Aldo Stores Begin to Open — Here’s What You Need Know About Its Safety Precautions

Aldo is beginning to open its store locations across the U.S. and Canada — and the company told FN it is keeping the safety of its customers and employees top of mind.

The Montreal-based company said all of its store associates must complete mandatory safety training upon their return in-store, for example. Plus, staff will be required to wear gloves and masks at all times.

When it comes to rules about customers wearing masks and face coverings, Aldo said it will comply with guidelines from local government and health authorities in whichever country/region the store is located. So if wearing a mask is proclaimed mandatory for customers, Aldo will also require that clients wear one when shopping in its stores as well. And customers are required to disinfect their hands with disinfectant lotion provided.

Shoppers will be able to try on product in-store, though that is limited to footwear and handbags only. Socks will be required. Product cleaning stations have been added around the stores to provide sanitization after each try-on, and all shoes will be disinfected before and after, as well as the sitting areas.

In addition, Aldo is temporarily suspending returns on all accessory products.

Like most retail stores, Aldo will also adhere to social distancing recommendations by limiting customer capacity and adjusting seating areas to do so. Check-out counters will be equipped with protective shields, and contactless payment and e-receipts are encouraged.

In May, Aldo began its restructuring process after announcing that it had sought and obtained an initial order pursuant to the Companies’ Creditors Arrangement Act from the Superior Court of Québec. Aldo said it had “voluntarily” filed for “similar protection” in the United States — Chapter 15 bankruptcy. Since then, the company has continued to operate through this process and has no plans of shuttering.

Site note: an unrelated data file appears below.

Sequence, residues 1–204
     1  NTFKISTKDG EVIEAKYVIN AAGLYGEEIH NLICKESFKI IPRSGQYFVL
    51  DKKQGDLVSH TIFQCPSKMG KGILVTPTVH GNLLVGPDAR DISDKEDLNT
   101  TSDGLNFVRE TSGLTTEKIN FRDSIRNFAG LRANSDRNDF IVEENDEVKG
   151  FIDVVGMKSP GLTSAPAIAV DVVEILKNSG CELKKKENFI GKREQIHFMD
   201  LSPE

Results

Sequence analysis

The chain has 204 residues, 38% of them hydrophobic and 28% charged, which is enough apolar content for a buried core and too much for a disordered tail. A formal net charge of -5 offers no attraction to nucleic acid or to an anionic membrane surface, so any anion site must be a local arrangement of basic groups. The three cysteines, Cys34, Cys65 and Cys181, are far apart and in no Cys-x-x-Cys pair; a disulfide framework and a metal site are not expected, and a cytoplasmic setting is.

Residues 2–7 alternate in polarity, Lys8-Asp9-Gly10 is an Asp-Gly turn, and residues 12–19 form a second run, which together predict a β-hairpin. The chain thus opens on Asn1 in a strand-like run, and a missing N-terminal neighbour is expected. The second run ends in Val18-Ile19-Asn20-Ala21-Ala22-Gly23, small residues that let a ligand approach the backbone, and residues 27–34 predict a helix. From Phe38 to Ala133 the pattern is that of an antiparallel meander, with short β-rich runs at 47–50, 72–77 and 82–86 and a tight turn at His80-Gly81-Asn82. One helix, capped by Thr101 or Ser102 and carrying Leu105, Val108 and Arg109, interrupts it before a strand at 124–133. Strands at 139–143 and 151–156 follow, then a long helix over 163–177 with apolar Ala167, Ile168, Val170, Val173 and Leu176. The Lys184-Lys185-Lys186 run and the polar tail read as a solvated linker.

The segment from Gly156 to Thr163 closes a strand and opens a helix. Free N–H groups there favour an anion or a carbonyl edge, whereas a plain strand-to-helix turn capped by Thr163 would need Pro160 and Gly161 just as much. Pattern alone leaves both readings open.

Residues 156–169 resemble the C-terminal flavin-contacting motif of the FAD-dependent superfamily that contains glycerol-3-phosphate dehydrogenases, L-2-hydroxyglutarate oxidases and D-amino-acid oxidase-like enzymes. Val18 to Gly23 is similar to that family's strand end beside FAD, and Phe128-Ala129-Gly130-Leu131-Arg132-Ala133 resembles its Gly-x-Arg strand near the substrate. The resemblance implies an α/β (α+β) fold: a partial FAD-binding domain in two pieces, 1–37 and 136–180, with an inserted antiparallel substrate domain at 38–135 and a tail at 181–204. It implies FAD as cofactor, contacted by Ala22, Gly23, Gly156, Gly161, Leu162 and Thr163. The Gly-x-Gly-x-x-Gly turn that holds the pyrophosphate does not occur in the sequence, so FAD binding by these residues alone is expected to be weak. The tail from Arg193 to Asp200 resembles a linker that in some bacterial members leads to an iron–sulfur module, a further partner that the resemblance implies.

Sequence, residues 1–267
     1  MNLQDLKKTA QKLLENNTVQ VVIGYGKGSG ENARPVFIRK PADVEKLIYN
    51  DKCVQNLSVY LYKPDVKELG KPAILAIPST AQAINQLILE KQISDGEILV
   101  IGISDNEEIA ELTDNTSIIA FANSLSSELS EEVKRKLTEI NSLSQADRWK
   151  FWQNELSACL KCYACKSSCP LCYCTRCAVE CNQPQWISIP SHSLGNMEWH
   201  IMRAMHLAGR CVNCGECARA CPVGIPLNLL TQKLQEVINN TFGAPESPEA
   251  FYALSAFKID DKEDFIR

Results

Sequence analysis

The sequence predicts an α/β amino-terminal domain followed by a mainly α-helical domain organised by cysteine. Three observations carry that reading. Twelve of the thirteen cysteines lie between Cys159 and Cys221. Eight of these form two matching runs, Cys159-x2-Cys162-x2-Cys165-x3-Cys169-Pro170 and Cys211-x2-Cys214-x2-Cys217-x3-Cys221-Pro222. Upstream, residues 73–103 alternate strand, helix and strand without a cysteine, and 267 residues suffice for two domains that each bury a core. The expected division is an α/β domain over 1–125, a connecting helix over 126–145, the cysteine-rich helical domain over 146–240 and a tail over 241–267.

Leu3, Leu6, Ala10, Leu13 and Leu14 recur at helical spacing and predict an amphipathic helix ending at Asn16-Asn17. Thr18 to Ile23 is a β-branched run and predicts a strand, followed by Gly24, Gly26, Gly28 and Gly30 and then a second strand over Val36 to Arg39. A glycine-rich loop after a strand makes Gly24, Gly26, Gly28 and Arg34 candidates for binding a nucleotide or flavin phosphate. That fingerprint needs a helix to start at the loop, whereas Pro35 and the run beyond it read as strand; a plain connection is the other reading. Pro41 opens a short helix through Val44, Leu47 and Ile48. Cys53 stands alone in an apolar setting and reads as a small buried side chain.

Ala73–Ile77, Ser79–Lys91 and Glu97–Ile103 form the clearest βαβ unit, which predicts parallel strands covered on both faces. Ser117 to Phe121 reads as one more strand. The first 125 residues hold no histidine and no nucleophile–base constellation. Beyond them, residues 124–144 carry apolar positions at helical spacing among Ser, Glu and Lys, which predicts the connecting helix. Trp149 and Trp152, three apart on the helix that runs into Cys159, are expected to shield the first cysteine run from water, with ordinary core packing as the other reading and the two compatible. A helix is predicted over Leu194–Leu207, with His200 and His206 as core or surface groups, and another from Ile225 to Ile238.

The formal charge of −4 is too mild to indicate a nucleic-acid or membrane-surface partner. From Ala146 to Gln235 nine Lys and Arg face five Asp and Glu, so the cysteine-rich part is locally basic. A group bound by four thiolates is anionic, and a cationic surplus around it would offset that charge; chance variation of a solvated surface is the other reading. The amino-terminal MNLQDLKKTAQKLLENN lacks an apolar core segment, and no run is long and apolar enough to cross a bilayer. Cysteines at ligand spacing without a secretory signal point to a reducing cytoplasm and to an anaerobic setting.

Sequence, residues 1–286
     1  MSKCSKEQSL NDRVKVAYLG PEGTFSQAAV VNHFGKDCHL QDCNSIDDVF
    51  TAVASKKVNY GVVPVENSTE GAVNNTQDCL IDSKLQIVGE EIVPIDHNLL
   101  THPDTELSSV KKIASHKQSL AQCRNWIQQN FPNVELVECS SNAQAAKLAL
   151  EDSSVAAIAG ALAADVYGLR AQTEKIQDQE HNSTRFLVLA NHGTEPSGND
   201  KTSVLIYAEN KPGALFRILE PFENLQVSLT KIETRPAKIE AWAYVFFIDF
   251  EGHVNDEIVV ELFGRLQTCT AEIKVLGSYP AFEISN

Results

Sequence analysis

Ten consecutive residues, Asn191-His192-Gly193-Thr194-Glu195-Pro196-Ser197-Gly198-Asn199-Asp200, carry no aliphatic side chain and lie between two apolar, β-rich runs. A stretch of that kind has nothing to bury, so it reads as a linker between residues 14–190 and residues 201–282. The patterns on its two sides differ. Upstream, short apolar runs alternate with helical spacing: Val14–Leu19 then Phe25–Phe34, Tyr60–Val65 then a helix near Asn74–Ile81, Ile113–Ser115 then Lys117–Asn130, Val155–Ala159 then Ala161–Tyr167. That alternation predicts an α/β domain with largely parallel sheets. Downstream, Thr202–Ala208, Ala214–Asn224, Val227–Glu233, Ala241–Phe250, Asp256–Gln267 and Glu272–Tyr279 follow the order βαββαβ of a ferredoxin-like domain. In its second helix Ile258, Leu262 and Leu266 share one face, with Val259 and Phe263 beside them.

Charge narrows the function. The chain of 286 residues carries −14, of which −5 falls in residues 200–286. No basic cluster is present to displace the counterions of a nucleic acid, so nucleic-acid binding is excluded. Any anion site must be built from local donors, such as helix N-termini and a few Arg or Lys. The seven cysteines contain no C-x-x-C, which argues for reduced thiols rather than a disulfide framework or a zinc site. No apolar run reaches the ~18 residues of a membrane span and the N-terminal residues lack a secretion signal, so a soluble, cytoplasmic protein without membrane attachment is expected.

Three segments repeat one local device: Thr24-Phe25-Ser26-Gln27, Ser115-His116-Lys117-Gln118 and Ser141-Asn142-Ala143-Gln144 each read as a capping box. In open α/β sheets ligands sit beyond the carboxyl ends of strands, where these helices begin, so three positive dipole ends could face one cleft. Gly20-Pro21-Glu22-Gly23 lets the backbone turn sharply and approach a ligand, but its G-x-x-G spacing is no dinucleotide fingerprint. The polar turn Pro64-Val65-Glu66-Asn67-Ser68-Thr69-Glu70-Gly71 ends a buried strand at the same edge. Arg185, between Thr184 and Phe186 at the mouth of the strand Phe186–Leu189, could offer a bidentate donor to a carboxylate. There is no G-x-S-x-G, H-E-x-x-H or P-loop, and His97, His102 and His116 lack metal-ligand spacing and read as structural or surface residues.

“My role is to stabilize the team and show them the vision we have for the future,” CEO David Bensadoun told FN at the time. “I think it’s going to take time for people to get into a new routine. We’re not expecting a boom — we’re expecting a smooth climb,” he added about its recovery process.

Throughout the health crisis, Bensadoun has been working to better bridge physical and digital operations as e-commerce fuels the business. Currently, brick-and-mortar retail accounts for about 50% of business, but the ultimate goal is to have four key segments each contribute a quarter of the business: stores, e-commerce, franchising and wholesale.

“The last 10 years have been a slow rise of e-commerce. Now, in one year, it will probably be double the rate of growth [we had been seeing]. We believe the future will be digitally dominant and [wholesale] drop-ship dependent,” he said.

Access exclusive content